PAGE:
What exactly is Square Thirteen?  Why are we called that?
In 1796, The United States Congress granted Ebenezer Zane three tracts of land as payment for his completion of Zane’s Trace, an early road in the Northwest Territory that connected Wheeling, Virginia (now West Virginia) to Limestone, Kentucky (now Maysville).
Those sections of land are now three Ohio towns:  Zanesville, Lancaster, and Chillicothe.
In 1800, near the Hockhocking River, Lancaster was founded along the beautiful and formidable Standing Stone, now known to the locals as Mt. Pleasant.
Old Ebenezer mapped the town in 20 squares.  Square Thirteen runs along Broad and High Streets between Mulberry and Chestnut.  If you were to take a walk around the square today, you would be met with one of the best collections of 19th century houses in a concentrated area, built in New England, Southern, and Philadelphia styles.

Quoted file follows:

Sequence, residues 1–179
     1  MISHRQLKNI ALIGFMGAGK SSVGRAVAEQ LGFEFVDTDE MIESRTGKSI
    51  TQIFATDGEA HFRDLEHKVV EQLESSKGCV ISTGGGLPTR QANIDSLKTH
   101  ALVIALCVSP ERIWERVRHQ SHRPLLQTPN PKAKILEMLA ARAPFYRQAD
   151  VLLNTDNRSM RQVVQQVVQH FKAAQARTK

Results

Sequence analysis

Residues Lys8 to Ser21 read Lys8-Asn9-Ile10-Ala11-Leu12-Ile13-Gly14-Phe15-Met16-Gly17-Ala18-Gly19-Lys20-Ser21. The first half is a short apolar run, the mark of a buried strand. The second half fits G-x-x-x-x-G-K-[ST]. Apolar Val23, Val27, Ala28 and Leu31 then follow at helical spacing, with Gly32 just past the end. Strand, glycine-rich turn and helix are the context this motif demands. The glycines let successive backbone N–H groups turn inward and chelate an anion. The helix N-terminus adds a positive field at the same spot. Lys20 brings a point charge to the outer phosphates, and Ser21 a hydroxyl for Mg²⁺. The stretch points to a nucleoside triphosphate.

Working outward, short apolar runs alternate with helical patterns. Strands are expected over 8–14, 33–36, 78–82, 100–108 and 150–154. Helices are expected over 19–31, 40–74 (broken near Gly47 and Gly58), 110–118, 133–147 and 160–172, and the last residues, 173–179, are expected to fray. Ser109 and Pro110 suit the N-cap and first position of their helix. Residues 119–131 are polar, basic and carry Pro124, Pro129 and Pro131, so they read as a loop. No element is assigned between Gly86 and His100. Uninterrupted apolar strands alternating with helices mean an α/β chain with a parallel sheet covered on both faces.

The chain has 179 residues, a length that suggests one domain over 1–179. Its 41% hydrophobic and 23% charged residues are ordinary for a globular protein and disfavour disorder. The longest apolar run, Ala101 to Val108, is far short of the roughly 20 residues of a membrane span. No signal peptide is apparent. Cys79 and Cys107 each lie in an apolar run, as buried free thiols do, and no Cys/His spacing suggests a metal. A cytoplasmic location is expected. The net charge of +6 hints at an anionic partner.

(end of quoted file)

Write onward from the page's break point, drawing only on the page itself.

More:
Picturesque Fairfield County is home to more covered bridges than any other Ohio County.  Were you to walk across the weathered, antique-red, John Bright #2 bridge and along Fetter’s Run, you would feel yourself slowly time-traveling to the early 19th century where folks would gather in fine homes like the Georgian.  On down the hill sits the Sherman House and the Ewing House, once home to General William Tecumseh Sherman and Thomas Ewing, the latter of whom had migrated to Ohio from the Kanawha Valley in what is now West Virginia.
And so Square Thirteen is named, not for any ties to the elites of a Midwestern town, but for its direct tie to Ewing’s Appalachian heritage.  And their music, although mostly original, unapologetically pays homage to those very same mountains.